[…]

In addition, we have suggested consideration of a specialized piracy court or chamber to be established in one or more regional states. The international community is currently considering this idea, along with similar models that would combine international and domestic elements. These ideas are under discussion both in the UN Security Council and in the Contact Group.” (emphasis added).

To provide some background, in July 2010, Jack Lang proposed 7 potential mechanisms for such prosecutions. As we noted here, a subsequent Secretary General Report of January 2012 discusses the modalities for several of these options, focusing on 4 of the 7 options. Initially, there was support from some members of the Security Council for the idea that an international tribunal should be created for the prosecution of pirates. However there was resistance from the U.S. and the U.K. based on the continued viability of national prosecutions based on universal jurisdiction. But strictly national prosecutions do have their limits as is noted by the 2011 Digest:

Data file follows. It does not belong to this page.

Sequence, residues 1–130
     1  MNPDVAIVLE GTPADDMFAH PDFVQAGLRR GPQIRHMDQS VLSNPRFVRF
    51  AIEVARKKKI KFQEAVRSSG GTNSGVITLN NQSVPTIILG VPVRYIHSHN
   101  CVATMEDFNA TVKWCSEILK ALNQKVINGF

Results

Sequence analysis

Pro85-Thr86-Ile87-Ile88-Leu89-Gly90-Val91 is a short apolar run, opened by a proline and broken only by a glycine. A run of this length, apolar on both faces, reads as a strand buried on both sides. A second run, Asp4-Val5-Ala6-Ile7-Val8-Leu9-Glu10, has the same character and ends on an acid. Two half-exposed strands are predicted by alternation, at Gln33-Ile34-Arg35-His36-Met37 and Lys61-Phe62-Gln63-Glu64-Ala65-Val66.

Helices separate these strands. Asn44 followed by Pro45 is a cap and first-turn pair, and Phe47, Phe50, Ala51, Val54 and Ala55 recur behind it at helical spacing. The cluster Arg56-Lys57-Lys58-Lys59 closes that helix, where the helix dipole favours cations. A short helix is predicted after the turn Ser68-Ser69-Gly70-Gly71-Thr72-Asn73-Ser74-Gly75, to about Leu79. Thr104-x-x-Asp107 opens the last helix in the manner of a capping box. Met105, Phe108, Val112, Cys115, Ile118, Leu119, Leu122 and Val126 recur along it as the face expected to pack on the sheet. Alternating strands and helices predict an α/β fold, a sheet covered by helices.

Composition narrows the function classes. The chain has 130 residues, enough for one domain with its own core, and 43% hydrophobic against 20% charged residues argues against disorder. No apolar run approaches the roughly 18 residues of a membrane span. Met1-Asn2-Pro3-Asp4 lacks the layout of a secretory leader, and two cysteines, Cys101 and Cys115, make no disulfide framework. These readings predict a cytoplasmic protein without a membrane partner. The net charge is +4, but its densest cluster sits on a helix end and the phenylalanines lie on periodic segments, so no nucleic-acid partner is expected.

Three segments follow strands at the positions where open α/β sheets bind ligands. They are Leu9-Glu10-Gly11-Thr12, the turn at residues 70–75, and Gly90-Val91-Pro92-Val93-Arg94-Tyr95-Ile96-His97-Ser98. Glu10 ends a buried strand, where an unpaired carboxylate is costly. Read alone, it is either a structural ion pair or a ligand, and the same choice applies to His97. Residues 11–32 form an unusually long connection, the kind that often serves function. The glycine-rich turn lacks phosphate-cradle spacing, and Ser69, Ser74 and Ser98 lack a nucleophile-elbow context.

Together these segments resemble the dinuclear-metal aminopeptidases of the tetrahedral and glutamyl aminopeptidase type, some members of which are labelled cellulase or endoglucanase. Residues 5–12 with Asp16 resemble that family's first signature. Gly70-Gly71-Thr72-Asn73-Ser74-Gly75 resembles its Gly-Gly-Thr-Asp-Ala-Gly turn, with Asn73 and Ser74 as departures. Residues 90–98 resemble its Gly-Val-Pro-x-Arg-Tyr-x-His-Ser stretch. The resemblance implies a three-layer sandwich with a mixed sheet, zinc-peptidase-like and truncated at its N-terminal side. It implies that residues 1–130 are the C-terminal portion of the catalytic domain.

[M]any of the countries affected by piracy—flag states, states from where many crew members hail, and many of our European partners—have proven to lack either the capacity or the political will to prosecute cases in their national courts. Furthermore, states in the region that have accepted suspects for prosecution to date have been reluctant to take more, citing limits to their judicial and prison capacities and insufficient financial support from the international community. As a result, too many suspected pirates we encounter at sea are simply released without any meaningful punishment or prosecution, and often simply keep doing what they were doing. This is the unacceptable ‘catch and release’ situation that has been widely criticized, and for which we must find a solution.”

It further notes that:

 [W]e need to acknowledge the reality that many states, to varying degrees, have not demonstrated sustained political will to criminalize piracy under their domestic law and use such laws to prosecute those who attack their interests and incarcerate the convicted. The world’s largest flag registries—so-called “flags of convenience”—have proven either incapable or unwilling to take responsibility. And given the limited venues for prosecution, states have been reluctant to pursue prosecutions of apparent or incomplete acts of piracy, limiting our ability to prosecute suspects not caught in the middle of an attack.